Shaped by the Sea, Shaped by the Hand: Marine Biology and 3D Art
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We will investigate marine environments and life from the perspectives of science and 3D art and design in the fine metalsmithing studio. We will examine how both scientific findings and artwork shape society’s attitudes towards conservation and exploitation of marine systems. We will study how physical, chemical, and geological processes shape marine environments as well as the forms and adaptations of organisms that inhabit these environments. While learning how to shape materials in the fine metalsmithing studio, we will create objects that consider how the sea, and sea life, has inspired works of art and design.
In fall quarter, the marine biology component will focus on understanding the structure and function of marine environments from estuaries to the deep-sea. We will learn about the ecological factors that explain the species diversity, distributions and productivity in these habitats. Field trips will study local marine habitat such as estuaries, intertidal environments, and wetlands. Laboratory work will include water quality measurements and microscopy. Winter quarter will focus on the diversity and adaptations of marine life, and will include studies of live marine animals and field trips to local aquariums.
In the fine metalsmithing studio, we will learn how to shape and intricately texture non-ferrous metals using hand tools, and join pieces using rivets and silver soldering. Using these techniques to represent the marine environments and organisms we have observed, we will create sculptural objects and functional pieces such as jewelry, small vessels, and utensils. Winter quarter we will continue to integrate our understanding of structure and function into studio work, building skills and adding complexity to our designs with the development of mechanisms that move and can be used to mimic elements of marine life.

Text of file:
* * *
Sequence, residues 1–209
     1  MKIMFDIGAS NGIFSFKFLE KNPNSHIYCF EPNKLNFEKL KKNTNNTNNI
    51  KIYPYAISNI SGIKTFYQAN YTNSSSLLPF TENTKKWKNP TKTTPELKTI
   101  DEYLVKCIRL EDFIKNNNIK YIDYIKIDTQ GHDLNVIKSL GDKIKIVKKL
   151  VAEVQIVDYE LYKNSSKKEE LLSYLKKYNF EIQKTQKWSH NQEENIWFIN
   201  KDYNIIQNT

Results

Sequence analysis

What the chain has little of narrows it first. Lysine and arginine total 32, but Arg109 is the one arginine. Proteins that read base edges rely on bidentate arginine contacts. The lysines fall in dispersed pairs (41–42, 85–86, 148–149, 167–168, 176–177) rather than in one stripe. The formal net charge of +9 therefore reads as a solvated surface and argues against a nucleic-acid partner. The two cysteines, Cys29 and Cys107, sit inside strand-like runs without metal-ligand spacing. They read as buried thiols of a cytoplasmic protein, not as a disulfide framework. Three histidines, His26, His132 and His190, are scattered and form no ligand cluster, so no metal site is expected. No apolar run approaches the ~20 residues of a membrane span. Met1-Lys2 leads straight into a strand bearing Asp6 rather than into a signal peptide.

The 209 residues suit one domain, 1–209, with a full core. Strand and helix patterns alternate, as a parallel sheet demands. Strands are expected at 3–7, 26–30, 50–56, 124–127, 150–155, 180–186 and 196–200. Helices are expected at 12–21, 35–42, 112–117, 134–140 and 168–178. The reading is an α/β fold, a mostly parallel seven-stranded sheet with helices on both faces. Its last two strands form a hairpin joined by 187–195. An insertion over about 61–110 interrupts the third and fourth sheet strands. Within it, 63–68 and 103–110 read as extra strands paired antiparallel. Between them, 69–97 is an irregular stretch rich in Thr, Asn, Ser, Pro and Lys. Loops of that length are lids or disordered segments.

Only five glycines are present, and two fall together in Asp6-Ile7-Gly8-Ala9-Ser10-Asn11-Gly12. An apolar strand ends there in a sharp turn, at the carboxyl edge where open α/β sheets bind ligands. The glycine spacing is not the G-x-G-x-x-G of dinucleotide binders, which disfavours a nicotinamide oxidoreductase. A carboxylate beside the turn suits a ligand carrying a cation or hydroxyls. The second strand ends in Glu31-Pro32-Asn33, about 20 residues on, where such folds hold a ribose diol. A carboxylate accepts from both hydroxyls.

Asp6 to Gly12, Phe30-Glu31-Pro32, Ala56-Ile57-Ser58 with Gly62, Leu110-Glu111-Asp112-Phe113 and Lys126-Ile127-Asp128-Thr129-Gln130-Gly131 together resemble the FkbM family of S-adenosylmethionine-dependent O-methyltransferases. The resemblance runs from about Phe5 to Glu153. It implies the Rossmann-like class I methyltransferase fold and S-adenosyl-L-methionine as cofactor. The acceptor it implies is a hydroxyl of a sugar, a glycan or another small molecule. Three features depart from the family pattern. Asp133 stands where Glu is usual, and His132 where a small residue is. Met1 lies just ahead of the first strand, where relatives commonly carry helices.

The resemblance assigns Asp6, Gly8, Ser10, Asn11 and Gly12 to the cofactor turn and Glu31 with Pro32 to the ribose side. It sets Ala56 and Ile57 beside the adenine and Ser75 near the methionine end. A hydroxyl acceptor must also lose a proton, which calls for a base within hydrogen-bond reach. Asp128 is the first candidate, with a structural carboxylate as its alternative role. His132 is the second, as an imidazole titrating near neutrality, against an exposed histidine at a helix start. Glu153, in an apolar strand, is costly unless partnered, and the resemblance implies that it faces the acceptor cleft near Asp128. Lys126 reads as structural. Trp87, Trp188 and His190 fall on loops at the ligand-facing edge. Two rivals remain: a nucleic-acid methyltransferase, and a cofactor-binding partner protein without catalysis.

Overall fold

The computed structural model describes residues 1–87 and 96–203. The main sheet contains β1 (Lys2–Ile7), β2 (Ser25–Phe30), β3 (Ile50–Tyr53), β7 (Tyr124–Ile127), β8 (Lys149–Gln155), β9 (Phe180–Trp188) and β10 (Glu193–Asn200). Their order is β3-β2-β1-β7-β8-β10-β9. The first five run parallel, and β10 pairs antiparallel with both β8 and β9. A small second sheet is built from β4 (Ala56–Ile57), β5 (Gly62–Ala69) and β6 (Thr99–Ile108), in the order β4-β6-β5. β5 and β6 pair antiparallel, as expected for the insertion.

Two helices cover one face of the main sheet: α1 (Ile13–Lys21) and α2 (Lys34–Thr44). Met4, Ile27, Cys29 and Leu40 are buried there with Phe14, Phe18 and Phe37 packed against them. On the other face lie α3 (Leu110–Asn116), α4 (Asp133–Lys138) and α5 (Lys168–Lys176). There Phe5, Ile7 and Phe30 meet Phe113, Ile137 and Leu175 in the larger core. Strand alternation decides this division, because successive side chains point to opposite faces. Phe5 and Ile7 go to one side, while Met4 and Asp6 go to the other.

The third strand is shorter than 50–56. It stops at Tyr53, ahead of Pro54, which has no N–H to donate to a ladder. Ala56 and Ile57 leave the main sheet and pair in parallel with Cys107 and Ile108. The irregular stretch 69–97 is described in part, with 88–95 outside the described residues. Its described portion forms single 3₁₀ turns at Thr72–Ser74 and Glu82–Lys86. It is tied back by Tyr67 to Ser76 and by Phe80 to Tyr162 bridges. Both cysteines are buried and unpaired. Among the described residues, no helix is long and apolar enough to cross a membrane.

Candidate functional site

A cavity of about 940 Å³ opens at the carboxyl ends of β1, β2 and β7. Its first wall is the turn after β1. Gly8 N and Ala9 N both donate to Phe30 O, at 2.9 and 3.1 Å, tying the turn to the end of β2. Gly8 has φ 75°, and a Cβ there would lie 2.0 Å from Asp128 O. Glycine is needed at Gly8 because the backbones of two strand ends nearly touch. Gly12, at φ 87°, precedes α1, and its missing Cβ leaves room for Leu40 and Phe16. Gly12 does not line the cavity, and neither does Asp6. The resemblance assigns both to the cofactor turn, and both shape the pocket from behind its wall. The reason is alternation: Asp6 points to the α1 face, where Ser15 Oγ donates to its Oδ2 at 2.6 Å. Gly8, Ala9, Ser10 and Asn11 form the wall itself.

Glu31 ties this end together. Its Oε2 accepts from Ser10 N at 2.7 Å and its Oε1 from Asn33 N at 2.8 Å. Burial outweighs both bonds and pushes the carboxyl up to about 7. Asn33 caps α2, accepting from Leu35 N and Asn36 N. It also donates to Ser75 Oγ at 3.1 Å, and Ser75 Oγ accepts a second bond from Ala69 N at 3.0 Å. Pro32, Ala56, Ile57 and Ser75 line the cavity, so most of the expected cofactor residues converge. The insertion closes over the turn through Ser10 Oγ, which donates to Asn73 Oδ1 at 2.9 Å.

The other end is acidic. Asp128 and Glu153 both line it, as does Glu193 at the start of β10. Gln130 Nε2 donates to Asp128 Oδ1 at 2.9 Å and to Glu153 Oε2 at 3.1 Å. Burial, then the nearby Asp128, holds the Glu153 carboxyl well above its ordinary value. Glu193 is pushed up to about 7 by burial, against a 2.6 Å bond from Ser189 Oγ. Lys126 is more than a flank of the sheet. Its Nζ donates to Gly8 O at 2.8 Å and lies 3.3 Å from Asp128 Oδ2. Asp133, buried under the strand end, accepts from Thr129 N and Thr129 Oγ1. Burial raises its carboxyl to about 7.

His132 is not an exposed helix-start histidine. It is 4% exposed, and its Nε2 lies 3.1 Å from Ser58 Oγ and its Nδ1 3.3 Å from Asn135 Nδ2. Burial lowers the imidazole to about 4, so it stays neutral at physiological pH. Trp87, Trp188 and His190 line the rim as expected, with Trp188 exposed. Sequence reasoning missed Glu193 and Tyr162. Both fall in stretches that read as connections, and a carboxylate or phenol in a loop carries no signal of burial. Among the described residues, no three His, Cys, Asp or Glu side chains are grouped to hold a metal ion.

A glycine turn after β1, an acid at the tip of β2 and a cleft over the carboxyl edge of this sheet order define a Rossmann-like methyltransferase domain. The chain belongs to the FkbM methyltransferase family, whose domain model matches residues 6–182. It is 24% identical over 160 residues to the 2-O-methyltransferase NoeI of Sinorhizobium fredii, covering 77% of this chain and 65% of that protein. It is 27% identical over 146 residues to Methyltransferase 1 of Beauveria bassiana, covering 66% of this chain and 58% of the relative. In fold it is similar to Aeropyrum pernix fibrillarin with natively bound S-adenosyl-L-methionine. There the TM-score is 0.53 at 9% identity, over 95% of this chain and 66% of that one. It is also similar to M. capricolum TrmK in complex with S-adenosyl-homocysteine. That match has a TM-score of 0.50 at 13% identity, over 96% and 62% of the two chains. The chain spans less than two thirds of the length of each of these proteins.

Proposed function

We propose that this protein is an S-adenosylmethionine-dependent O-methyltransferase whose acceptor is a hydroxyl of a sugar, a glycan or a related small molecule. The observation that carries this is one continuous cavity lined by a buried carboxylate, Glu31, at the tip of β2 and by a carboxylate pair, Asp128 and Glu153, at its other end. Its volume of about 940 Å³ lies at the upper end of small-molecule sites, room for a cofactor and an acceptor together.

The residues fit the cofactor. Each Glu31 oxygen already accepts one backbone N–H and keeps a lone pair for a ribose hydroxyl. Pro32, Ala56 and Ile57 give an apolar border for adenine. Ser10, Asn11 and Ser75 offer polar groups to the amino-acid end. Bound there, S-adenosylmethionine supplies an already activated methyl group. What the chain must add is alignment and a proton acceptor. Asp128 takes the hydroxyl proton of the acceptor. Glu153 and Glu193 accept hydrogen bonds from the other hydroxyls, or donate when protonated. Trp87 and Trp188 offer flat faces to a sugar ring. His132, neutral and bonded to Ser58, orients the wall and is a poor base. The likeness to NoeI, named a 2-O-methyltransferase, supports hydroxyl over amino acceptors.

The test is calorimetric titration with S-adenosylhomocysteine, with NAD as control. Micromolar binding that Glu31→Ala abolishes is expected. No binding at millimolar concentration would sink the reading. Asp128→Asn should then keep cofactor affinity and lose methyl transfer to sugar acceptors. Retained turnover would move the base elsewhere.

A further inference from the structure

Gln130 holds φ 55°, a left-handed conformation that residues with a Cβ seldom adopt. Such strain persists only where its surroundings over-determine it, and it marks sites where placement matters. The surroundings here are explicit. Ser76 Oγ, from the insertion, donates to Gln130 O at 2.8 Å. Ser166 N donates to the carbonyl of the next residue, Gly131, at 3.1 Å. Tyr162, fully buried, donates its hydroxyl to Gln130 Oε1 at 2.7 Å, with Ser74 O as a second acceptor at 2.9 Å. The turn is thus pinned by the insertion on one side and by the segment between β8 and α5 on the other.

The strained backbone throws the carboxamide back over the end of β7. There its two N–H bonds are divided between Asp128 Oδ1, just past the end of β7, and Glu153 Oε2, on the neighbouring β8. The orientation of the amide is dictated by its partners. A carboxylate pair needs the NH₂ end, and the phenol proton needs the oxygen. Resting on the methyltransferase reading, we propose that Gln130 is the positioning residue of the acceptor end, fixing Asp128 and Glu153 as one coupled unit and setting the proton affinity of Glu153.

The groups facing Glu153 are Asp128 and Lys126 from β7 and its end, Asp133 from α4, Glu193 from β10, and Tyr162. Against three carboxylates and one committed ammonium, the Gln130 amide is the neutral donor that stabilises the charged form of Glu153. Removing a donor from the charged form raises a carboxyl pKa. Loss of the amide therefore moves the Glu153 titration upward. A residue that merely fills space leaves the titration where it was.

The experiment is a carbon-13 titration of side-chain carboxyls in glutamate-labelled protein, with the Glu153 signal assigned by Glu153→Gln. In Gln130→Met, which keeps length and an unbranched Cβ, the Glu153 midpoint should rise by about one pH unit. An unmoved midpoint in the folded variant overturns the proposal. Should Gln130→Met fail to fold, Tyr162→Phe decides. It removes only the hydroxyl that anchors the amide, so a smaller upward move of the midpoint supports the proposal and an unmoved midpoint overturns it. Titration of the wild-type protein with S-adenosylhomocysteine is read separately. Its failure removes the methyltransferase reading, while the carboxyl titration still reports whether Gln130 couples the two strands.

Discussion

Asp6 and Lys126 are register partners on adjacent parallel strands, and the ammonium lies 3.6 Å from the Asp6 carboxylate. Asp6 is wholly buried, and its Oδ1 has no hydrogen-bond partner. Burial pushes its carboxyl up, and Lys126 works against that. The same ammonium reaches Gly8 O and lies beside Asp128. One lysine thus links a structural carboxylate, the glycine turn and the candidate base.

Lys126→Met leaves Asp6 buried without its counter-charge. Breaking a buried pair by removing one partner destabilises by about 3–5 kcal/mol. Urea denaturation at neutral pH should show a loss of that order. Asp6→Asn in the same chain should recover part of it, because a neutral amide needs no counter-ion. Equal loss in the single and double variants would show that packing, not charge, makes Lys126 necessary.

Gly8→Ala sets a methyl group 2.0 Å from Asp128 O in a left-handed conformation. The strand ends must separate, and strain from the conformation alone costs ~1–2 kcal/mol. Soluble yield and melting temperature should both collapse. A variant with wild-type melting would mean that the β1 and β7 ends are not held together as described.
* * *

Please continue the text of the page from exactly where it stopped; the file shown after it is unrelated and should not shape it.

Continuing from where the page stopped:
Activities and work that integrates science and art will include seminar discussions and independent projects. Seminar will examine how artwork represents a narrative about nature that reflects culture, and how the design and production of everyday objects are deeply connected to the environment. In addition we will learn about the scientific process by reading about the history of marine biology and by analyzing technical scientific research articles. Independent projects will combine research on marine habitats and organisms and 3D art and design projects inspired by the student’s findings. In addition, first-year students will participate in Greener Foundations and sophomore students will develop literature-based research presentations on marine biology and art topics.
Greener Foundations: This program will incorporate Greener Foundations, a holistic course designed for first-time, first-year students. Faculty and staff collaborate to bring study skills, academic planning, health and wellness education, advising, and more into the classroom. More information can be found on the college website at Greener Foundations .
This offering will prepare you for careers and advanced study in:
environmental studies, visual art, design, education, ecology, and marine science.
Credits per quarter
- Enhanced Online Learning - This offering requires access to web-based tools, but use of these tools does not displace any face-to-face instruction.
Additional fine metalsmithing materials will be available for individual purchase, and students may choose to spend from $10 to $50 to cover more extensive projects.
Class Size: 46
50% Reserved for Freshmen
Scheduled for: Day
Located in: Olympia